Roger Federer Welcomes the End … Of a Layoff, Not His Career


Federer landed on his still-fragile left knee, which in February had required him to have surgery for the first time in his career, keeping him out for more than two months. Though he got up slowly at Wimbledon and finished the match, he did not finish the season. He even missed the Summer Olympics in Rio de Janeiro, which had long been one of his major late-career targets.

While his longtime rivals Andy Murray and Novak Djokovic duked it out for the No. 1 ranking and his Swiss countryman Stan Wawrinka won the United States Open, Federer got a taste of retirement with his longest break from the tour since he turned professional in 1998. Now, he will try his hand at a staple of modern tennis: the comeback. And he will do so with a world ranking of No. 16, his lowest since 2001.

“It actually felt like I had my first real comeback in April when I came back in Monaco, especially having had surgery, because I never had surgery before,” Federer said. “So that felt like a real comeback to me, but this one feels bigger, obviously, because two months is not like six months. Clearly this comeback is going to have a different place in my career, for sure.”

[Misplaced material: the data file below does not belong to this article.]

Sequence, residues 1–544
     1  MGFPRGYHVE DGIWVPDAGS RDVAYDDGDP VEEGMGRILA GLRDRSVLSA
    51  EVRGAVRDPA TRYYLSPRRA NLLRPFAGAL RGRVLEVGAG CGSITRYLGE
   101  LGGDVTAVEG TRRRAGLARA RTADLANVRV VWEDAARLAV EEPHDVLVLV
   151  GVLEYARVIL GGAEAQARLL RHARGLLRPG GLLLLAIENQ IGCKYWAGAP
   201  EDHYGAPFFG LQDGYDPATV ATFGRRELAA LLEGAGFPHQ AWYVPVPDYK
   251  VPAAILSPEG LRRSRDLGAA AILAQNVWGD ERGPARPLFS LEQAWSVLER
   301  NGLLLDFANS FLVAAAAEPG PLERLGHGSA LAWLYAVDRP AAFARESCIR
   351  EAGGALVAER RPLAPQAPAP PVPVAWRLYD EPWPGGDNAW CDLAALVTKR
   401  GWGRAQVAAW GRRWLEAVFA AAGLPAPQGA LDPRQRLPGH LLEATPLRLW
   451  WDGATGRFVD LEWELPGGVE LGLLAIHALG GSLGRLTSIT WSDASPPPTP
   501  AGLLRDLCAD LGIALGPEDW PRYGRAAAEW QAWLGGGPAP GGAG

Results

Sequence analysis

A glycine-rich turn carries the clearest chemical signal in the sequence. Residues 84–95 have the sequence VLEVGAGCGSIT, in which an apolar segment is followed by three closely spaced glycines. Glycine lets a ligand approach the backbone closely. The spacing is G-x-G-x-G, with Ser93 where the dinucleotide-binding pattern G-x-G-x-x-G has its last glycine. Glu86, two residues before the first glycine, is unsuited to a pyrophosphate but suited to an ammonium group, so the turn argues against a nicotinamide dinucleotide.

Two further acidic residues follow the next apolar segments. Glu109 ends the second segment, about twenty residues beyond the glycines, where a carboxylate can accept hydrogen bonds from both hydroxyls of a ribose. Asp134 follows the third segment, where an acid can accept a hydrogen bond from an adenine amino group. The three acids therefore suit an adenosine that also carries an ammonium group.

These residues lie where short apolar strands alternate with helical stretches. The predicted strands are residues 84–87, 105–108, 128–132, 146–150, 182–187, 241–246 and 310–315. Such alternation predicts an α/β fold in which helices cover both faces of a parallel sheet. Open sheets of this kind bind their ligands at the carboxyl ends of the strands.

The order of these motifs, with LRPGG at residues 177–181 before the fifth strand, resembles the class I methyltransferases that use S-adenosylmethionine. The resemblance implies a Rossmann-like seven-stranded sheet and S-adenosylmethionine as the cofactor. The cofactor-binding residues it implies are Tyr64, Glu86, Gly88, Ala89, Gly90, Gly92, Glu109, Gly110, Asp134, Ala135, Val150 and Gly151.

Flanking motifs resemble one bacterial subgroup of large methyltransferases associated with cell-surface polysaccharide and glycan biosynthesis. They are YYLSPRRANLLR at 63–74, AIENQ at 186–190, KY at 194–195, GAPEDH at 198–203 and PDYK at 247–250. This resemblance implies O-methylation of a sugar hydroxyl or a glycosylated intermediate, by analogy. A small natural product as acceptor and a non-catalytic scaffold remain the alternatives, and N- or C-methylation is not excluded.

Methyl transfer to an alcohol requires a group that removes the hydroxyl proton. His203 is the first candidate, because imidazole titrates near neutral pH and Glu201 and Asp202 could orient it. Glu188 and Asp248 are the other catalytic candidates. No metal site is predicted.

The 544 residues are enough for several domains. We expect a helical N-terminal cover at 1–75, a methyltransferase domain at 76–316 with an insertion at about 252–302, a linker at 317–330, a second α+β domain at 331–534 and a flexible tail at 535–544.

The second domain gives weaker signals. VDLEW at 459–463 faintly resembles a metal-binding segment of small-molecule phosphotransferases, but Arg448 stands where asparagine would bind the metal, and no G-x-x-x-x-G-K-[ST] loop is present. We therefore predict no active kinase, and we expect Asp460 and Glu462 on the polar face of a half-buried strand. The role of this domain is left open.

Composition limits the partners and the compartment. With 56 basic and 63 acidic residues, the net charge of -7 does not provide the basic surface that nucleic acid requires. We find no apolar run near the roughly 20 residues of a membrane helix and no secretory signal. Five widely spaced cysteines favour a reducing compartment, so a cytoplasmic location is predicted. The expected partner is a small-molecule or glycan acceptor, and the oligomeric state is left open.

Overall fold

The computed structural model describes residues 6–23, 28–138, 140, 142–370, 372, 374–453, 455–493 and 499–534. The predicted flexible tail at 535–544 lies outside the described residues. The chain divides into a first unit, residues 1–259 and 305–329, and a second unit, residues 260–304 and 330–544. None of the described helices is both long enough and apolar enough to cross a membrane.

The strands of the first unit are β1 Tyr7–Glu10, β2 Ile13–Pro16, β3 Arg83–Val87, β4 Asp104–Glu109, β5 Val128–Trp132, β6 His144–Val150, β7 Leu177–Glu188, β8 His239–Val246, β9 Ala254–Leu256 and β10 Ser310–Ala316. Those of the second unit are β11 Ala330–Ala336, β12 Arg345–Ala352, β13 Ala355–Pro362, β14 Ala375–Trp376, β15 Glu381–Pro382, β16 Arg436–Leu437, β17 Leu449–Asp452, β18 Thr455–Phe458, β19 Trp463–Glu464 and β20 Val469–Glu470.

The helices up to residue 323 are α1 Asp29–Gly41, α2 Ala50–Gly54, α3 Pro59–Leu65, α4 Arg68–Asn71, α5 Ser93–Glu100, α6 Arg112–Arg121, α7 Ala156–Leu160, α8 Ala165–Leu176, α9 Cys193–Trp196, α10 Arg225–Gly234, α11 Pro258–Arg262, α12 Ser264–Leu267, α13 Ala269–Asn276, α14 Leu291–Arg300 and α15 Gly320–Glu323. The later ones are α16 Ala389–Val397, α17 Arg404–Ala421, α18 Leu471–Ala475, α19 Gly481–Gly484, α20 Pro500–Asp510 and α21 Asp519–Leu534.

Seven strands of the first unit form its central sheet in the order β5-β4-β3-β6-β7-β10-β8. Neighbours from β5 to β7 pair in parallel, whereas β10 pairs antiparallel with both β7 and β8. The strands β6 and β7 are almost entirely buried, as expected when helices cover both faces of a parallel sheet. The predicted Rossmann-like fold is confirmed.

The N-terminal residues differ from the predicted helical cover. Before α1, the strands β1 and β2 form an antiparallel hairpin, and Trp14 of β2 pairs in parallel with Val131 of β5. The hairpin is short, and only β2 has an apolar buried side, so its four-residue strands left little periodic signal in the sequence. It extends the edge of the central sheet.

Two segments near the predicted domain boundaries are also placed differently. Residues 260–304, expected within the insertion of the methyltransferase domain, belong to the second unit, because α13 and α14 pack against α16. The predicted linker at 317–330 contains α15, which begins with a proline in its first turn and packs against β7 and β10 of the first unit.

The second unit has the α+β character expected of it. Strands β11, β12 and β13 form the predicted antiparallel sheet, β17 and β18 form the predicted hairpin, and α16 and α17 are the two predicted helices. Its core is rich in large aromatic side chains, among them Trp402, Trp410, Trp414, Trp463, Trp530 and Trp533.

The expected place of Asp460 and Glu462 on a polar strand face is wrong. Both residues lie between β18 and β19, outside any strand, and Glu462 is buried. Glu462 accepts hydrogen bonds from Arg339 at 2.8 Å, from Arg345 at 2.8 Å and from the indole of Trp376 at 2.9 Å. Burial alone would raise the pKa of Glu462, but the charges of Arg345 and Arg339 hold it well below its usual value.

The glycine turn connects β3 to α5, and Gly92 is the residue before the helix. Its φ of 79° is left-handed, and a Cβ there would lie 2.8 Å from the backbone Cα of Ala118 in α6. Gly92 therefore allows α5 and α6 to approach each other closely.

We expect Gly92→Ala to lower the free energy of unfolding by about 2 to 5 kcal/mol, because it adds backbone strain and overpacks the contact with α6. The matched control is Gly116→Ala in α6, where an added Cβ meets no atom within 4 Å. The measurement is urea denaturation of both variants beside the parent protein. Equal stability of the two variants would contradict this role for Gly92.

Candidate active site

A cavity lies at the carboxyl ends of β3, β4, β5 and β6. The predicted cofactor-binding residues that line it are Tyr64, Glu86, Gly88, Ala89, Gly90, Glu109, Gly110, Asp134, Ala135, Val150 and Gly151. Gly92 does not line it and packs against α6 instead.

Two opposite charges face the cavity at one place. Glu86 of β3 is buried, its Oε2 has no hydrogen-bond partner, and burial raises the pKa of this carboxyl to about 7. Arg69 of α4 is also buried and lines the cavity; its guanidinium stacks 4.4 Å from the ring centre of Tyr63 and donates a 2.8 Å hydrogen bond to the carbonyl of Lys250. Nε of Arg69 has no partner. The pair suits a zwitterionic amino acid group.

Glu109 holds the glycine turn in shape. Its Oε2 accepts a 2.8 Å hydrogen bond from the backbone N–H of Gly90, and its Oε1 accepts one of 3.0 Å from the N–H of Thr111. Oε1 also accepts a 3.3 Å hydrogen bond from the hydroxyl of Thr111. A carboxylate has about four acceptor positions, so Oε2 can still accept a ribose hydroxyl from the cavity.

Federer, 35, has little left to prove. He has already won a record 17 Grand Slam singles titles and 71 lesser titles. He has maintained a standard of excellence for far longer than most tennis champions do. Although he said he had treasured his time away from the tour with his wife, Mirka, and their four young children, he insisted that no consideration had been given to making the break permanent.

“Mirka is totally committed, totally happy,” he said. “The kids love it, and I’m still hungry, and now I’m even refreshed and rejuvenated.”

The question of retirement never came up. For Federer, the questions were instead: “Can I still do it? As a player, can my body still do it? Can my mind still do it?”

Those are particularly intriguing questions at a moment when so much talent — both rising and established — seems to be converging in the men’s game. Federer, as much a tennis aficionado as a tennis maestro, is well aware of the story lines.

The old guard on the men’s tour remains with Federer and Rafael Nadal, who at age 30 is returning from more injury problems of his own with a new coach in his team: Carlos Moyá.